Anil John
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Anil John

Visualizing the Needs of Attribute Consumers and Attribute Providers

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Visual representations, if done right, can often convey complex ideas much more clearly than verbose text. I’ve been looking for some time for how best to visually represent the needs of attribute providers and the needs of attribute consumers in a simple manner. I recently came across a way to do so, and wanted to highlight it in this blog post.

Identity, in NIST SP 800-63-1, is defined as a set of attributes that uniquely describe a person within a given context. When you move to A Model for Separating Token and Attribute Manager Functions, one of the by-products is that it becomes even more obvious that the entity that has the role to bind the token(s) to a set of attributes (a.k.a. identity) has some specific requirements for what those attributes should be (a.k.a needed attribute bundle). That entity also has the ability to go out to multiple attribute managers in order to “fill” that bundle.

The model allows flexibility in who carries out the binding. Assuming, for illustrative purposes, that the relying party (RP) has taken on this role, an easy way to visualize the consumer and provider needs for attributes is using radar charts:

Attribute Bundle Matching

The key point to understand is that all of the RP requirements cannot be met by a single entity, so it has the flexibility to seek additional sources of attributes to meet its needs. And once it does, it will have the confidence it needs to do the binding.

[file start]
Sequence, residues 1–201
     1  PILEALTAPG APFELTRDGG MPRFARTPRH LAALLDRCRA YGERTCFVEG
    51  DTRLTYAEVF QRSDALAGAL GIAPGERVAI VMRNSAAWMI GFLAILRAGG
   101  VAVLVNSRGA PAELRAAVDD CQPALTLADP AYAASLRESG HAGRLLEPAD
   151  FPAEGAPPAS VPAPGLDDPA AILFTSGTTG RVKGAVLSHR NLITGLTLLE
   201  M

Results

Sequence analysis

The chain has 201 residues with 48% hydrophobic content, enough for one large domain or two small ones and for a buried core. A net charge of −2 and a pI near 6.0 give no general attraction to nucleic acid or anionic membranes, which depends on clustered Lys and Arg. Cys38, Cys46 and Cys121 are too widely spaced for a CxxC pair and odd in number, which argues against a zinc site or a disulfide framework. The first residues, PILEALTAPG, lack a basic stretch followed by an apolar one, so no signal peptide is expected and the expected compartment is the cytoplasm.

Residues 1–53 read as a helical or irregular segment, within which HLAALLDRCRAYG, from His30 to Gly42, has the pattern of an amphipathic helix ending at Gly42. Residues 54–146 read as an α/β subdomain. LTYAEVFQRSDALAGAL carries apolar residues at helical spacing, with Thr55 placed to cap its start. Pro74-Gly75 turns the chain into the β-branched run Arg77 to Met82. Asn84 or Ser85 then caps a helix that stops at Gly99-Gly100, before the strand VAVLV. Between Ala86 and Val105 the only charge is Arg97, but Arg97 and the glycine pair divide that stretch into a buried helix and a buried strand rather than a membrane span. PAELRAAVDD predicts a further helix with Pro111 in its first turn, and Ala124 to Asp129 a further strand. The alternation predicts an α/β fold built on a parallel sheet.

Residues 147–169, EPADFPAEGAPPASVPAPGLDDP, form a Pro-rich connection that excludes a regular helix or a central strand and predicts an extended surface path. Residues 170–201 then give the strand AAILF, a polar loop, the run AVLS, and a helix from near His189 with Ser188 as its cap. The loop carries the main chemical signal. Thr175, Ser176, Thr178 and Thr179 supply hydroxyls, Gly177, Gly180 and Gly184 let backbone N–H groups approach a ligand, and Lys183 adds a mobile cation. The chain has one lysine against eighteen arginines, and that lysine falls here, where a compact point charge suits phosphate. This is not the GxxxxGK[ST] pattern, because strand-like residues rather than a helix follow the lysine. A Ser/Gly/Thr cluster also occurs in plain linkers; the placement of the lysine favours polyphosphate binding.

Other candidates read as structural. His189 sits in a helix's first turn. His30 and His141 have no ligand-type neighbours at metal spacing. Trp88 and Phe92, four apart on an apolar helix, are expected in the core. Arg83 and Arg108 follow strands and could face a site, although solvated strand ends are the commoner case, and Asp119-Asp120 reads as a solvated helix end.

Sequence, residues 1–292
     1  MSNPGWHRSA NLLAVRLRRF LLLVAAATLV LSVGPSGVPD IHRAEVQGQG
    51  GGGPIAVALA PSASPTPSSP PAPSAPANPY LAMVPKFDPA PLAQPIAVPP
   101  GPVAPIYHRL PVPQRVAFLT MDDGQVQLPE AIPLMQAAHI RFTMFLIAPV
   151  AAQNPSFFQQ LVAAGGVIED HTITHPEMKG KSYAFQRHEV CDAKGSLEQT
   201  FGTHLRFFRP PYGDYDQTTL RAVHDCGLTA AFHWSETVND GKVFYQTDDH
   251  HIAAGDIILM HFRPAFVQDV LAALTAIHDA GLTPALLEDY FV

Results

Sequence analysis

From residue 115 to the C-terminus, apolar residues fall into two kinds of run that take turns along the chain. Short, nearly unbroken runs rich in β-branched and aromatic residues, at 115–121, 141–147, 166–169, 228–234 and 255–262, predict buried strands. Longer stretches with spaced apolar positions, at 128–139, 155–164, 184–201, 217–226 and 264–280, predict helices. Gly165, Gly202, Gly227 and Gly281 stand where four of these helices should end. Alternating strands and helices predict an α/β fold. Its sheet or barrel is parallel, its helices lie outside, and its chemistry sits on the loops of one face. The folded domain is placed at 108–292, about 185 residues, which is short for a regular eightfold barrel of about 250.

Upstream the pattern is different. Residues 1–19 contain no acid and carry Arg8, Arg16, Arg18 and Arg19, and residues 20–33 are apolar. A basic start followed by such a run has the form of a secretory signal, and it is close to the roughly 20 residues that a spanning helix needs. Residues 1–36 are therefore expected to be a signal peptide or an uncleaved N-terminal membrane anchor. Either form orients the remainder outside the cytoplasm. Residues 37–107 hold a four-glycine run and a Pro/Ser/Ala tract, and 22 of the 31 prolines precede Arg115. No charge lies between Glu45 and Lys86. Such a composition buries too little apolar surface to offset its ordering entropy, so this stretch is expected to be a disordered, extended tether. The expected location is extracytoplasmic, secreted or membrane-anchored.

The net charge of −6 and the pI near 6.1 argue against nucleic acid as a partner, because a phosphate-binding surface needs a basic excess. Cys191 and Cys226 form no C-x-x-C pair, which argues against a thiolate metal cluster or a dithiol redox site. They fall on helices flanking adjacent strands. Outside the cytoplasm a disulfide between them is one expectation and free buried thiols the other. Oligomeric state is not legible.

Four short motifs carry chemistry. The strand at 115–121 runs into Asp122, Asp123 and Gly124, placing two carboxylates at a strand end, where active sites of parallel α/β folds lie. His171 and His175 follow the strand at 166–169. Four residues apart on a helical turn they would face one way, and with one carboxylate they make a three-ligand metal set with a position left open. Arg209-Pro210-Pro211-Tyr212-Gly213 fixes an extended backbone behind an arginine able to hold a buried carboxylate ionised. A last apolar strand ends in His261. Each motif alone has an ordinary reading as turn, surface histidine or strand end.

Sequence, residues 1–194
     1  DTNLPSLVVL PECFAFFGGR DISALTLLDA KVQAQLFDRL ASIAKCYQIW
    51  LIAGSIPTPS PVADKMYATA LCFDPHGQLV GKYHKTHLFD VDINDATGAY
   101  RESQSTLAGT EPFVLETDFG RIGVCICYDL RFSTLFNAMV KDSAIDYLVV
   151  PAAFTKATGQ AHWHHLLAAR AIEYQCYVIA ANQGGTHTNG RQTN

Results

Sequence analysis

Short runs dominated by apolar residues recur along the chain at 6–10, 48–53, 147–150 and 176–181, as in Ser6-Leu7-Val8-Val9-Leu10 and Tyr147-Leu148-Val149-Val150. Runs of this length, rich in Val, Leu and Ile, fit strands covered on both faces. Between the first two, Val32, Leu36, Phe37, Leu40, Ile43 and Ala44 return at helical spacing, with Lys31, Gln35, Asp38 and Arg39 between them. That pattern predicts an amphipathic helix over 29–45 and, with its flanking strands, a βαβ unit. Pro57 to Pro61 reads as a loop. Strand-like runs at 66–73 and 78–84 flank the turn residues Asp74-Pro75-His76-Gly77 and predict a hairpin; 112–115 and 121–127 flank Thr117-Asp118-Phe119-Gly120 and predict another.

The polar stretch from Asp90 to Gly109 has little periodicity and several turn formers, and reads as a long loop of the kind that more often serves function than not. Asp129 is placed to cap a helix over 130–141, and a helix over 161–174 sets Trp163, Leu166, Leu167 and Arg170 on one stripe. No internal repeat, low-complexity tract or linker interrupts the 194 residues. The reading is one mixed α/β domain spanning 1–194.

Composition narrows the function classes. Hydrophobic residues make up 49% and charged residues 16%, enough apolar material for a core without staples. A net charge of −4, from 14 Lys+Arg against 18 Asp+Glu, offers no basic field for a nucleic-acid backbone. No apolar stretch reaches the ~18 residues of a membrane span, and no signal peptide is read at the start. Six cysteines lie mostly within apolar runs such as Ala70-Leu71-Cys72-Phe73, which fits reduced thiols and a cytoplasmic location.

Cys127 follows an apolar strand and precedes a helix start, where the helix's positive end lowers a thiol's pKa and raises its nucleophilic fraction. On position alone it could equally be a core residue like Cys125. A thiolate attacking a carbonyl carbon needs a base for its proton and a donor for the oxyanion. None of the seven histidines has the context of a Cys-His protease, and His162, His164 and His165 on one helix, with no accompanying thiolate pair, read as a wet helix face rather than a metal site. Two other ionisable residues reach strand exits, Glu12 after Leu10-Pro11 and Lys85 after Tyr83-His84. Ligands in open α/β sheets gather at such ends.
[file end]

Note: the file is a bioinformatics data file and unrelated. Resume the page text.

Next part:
It is interesting to note that one could assign “levels of confidence” to each of these attributes, both on the consumer side and on the producer side. For example, the RP might in its visual representation indicate that it needs the Last Name attribute to have a confidence of 80%. At the same time, the Attribute Provider 1 may indicate that it is able to provide it only to a 70%, while the CSP can provide it to 90%. I am deliberately not showing that on the visualization since I am still in the process of thinking thru how (or if) one could be assured that the criteria used to define this confidence level is feasible across sovereign domains.

I’ve focused on visual representation of attribute needs within the context of token/attribute separation. But the first time I saw radar charts being used for this particular purpose is in some of the work and thinking that Stephen Wilson has done around what he calls “identity fractions”. That approach and thinking are highly relevant to the token/attribute separation model and I would urge you to read his blog posts on “Let’s forget about identity” and “An authentication claims exchange bus” and continue the conversation.


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This blog post first appeared on Anil John | Blog ( The opinions expressed here are my own and do not represent my employer’s view in any way.

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